Friday, June 20, 2008

Merchants and Craft Guilds


During the twelfth century merchant guilds arose in all the towns of importance in England, and in the next century a further development of town life took place in the rise of craft guilds. These associations were composed of the artisans engaged in a certain industry in a particular town. By the growth of population it is evident that when the merchant guilds had attained their first century there would be a considerable number of persons dwelling in the town who would not be eligible to membership of the guild either as landholders or as the heirs of guildsmen. Many of these would be skilled in some pursuit or calling, and naturally they would adopt the best means of securing their rights and protecting their interests by taking common action against the rest of the community.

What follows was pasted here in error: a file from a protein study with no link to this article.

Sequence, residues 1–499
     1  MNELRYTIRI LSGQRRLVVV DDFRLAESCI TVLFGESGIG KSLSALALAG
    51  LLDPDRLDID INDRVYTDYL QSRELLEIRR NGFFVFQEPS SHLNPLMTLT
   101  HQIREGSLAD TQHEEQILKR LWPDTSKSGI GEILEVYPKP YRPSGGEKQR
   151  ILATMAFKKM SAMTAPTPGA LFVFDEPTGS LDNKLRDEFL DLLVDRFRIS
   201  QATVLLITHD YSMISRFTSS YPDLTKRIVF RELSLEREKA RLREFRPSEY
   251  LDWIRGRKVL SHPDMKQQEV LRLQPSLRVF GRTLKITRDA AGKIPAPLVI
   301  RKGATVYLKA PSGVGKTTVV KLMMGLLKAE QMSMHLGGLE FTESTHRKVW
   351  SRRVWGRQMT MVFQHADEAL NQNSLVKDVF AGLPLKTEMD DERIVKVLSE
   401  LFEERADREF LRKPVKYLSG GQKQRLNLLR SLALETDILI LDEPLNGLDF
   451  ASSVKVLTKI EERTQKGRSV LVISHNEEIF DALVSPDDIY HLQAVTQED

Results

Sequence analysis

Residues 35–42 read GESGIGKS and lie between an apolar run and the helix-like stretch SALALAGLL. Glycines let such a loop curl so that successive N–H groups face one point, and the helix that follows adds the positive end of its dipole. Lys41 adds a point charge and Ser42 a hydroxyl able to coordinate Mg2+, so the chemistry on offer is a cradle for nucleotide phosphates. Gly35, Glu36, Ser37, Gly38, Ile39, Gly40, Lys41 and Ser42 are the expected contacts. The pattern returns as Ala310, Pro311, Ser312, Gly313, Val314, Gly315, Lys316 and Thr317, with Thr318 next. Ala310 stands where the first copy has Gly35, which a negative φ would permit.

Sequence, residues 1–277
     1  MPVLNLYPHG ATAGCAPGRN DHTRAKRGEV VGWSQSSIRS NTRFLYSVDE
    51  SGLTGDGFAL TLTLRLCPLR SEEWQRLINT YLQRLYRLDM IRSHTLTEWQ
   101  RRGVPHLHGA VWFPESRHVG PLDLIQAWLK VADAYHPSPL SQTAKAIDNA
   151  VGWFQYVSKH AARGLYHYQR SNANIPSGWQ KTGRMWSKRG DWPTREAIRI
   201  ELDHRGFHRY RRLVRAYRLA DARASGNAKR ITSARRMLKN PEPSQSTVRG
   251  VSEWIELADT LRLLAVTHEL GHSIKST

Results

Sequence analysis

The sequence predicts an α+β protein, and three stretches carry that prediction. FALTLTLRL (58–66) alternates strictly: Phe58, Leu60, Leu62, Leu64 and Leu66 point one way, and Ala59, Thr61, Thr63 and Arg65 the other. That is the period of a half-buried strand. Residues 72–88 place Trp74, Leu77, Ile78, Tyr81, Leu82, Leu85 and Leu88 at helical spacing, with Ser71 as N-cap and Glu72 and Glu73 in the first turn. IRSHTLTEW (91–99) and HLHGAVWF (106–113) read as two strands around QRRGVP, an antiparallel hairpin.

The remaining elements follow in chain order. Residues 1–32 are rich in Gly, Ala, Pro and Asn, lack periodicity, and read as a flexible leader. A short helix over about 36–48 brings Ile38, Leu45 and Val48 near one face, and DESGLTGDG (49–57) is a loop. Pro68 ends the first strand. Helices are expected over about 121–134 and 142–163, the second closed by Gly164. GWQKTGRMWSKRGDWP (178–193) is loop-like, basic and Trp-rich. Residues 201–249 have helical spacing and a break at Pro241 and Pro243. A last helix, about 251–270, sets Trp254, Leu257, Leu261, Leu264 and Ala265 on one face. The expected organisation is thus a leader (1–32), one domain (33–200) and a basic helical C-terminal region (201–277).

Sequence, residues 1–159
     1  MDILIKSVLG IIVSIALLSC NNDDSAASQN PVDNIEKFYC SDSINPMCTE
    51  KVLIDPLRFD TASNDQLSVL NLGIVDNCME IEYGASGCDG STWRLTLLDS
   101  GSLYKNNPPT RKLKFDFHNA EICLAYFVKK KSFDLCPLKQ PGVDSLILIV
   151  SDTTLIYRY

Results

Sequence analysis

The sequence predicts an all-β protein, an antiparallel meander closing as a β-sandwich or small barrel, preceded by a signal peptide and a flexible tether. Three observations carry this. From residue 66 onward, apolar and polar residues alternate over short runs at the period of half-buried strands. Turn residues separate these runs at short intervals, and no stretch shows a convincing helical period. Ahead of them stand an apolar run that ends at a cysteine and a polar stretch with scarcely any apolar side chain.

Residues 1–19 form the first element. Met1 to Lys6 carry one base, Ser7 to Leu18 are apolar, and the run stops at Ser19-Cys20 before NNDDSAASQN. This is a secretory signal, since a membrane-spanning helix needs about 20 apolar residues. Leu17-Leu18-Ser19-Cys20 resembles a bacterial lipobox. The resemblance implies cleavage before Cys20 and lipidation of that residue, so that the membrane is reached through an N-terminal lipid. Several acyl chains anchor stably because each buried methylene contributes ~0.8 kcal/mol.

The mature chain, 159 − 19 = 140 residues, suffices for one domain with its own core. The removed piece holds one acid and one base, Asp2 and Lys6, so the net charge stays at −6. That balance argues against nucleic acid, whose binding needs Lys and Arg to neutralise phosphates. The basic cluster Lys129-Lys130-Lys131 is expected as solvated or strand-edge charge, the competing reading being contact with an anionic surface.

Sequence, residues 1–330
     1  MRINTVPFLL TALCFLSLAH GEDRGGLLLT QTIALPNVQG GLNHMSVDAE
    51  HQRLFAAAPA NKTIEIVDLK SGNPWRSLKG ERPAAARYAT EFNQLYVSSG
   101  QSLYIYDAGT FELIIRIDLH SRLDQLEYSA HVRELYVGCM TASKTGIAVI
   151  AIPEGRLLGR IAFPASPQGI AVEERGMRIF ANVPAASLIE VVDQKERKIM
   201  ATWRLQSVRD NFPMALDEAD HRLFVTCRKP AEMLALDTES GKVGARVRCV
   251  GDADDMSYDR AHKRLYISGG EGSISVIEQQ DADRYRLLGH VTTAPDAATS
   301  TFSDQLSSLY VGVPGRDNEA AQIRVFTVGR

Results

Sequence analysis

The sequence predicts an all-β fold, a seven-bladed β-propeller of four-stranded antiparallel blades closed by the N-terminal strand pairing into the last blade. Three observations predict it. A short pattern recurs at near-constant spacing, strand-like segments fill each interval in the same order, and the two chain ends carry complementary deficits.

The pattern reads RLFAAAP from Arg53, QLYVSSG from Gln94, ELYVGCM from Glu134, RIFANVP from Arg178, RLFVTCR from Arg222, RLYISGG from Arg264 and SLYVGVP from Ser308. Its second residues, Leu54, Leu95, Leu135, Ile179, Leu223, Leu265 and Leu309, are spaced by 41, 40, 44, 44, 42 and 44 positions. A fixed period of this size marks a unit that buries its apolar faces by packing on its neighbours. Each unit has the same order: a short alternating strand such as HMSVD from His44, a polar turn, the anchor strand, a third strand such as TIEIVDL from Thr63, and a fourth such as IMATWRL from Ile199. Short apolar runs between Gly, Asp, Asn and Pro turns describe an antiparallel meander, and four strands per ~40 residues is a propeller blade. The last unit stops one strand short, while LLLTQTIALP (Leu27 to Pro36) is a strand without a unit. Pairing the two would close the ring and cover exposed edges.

The earliest craft guilds were those of the weavers and fullers of woolen cloth. The guild of bakers is nearly as old, and that of the leather dressers, or corvesars, dates from about the same period. At first there was a struggle between the merchant guilds and the craft guilds, as the one body naturally strove to retain its monopoly of the government of the town, and the other endeavored to share in its municipal privileges. But the circumstances of the time were such as to quickly unite the two bodies in a common resistance to the tyranny of the sovereign power or of the great feudal lords. In turn, the monarch found it good policy to foster the towns, both with the object of developing their wealth and so of acquiring a source of revenue for himself as well as of bringing into existence a factor to counterbalance the overgrown power of the nobles. — Westminster Review.

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